It is well known that tea drinking carries with it many physical benefits. But what about psychological ones? In other words, does tea influence, in addition to one’s physiological states, one’s metal health as well? Well as it happens, the verdict is out, and has been out for quite a few years, and it is a positive one. Chalk one up for the tea drinkers, or as they say in legal parlance, the judgment has been entered in favor of the defendant.
In a study by Japanese researchers, they discovered that drinking green tea reduced psychological distress as measured by a psychological distress scale in a group of 42,093 Japanese individuals aged 40 and above. The experiment was designed so that individuals were given a questionnaire about their tea drinking habits, along with other lifestyle factors, then they were assessed according to a Kessler 6 item scale, which detected their level of psychological distress. The researchers observed the study group for a period of 1 month, and made their associations from there, after adjusting for possible confounding factors such as age and sex. The study found that there was an inverse relationship between the consumption of green tea and the level of reported psychological distress in individuals, the relations persisted even after the respondents were stratified by social support subgroups or by activities in communities.
L – theanine is a unique amino acid found almost exclusively in tea plants, and in 2011, a study was done by Dr. Ritsner and others to determine the efficacy of L – theanine augmentation of traditional anti – psychotic treatments in patients with schizophrenia and schizoaffective disorder.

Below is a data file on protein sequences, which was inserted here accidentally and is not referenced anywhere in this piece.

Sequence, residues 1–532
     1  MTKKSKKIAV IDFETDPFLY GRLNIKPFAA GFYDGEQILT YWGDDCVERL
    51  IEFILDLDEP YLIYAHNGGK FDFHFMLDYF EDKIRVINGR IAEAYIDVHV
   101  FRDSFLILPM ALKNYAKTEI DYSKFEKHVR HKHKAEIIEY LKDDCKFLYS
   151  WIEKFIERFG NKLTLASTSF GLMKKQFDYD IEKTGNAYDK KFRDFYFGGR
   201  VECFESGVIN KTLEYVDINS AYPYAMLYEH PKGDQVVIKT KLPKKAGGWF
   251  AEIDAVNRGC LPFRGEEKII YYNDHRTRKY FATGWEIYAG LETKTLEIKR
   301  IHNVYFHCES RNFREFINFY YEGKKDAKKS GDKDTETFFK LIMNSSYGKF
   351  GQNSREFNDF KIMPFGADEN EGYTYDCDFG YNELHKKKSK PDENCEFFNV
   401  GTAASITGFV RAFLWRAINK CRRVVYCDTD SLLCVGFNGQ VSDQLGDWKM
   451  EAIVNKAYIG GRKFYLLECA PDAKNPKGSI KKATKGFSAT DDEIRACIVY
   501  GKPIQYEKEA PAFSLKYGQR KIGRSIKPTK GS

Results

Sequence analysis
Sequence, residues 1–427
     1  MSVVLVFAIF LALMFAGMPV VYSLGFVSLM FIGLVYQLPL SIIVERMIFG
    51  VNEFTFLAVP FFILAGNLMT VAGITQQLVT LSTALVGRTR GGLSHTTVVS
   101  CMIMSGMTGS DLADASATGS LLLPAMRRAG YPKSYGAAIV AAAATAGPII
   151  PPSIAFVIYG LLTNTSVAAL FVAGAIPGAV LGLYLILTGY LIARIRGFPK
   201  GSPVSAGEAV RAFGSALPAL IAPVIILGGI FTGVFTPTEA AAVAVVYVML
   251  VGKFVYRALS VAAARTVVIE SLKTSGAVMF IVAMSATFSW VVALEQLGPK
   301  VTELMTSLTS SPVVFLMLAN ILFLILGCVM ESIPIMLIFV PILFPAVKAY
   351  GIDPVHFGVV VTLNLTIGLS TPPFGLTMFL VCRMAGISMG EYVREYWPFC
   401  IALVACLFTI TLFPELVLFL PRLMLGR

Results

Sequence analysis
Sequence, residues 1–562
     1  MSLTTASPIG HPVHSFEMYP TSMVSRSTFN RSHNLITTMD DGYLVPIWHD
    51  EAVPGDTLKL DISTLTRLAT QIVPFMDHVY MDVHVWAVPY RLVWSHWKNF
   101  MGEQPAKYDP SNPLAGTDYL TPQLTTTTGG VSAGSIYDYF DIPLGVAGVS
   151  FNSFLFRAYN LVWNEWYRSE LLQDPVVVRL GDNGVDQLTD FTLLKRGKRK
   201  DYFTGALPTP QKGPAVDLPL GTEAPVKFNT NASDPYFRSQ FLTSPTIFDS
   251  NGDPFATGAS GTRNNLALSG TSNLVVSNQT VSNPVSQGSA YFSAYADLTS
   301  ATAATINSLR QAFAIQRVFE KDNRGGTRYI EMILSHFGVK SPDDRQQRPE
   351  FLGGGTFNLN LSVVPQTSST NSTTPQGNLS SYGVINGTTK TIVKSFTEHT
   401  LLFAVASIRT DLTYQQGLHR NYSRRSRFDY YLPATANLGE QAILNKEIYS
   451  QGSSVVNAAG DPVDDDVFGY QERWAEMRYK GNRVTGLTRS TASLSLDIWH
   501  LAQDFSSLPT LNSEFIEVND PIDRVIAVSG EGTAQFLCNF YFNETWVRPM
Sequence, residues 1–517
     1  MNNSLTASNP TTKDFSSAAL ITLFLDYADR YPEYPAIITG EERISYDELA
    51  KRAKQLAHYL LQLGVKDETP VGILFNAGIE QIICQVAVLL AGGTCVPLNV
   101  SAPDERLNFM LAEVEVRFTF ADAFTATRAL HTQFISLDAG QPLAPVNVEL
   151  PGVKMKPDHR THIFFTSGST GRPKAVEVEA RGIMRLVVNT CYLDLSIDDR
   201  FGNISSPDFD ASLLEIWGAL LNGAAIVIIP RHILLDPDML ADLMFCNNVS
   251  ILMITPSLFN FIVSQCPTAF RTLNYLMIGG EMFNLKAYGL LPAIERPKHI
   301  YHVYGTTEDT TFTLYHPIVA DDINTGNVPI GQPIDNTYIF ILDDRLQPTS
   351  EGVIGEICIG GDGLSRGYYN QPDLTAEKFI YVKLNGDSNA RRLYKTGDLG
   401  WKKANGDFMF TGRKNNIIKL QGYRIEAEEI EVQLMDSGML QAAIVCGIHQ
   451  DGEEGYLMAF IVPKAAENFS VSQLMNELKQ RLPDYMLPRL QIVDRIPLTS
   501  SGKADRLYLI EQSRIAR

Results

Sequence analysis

Schizophrenia is heavily associated with progressive brain tissue loss, or in other words, it is like a wild fire in the forest of the brain, metaphorically speaking. In the past few years, neuro – protection has become an area of intense research and investigation. The majority of neuro – protective agents are either natural plant extracts or endogenous peptides / proteins. L – Theanine belongs in the former category, and it is found in all varieties of tea. It can cross the blood – brain barrier, and it has various neuro – chemical effects on the brain.
Neuro -protection is a major effect of L – Theanine, in particular, L – theanine provides direct protection against focal cerebral ischemia, and it appears capable of preventing cell death caused by Kainic acid. It also protects against Glutamate neurotoxicity and stimulates the release of nerve growth factor. Animal studies indicate that L – theanine has a possible neuro -protective effect in the hippocampus through blockade of multiple glutamate receptor subtypes, and also N-methyl-d-aspartate (NMDA), and α-amino-3-hydroxy-5-methyl-4-isoxazolepropionic acid (AMPA) receptors. L – Theanine directly provides protection against Parkinson’s disease related neuro – toxic agents, while pre – treatment with L -theanine significantly attenuates the down – regulation of brain derived neurotrophic factor and glial cell derived neurotrophic factor production in cultured human dopaminergic cell lines. The neuro – protective effect of theanine is mediated, at least in part, by γ – aminobutyric acid (GABAA ) receptors. Kakuda and colleagues suggest that the mechanism of the neuro – protective effect of L – theanine is related not only to the Glutamate receptor but also to other mechanisms such as the Glutamate transporter.
To this very day, mental illness remains largely an intractable disease, with the only examples of a cure coming from within, i.e. the patient who recovers from chronic depression and never has a relapse, the schizophrenic who experiences no more psychotic symptoms, for good, all have a few things in common, they woke up, reattached themselves to reality and solved their own problems. This is reflected to a certain extent on a cognitive level too, i.e. the mentally ill individual, with the help of medication, reestablished their internal chemical equilibrium. Likewise, tea, when used as an augmenter of more traditional types of treatment, might facilitate this process. After all, the body is, to a greater or lesser extent, a self – correcting machine, and it is nothing but poetic justice that one should, and can, right their own wrong.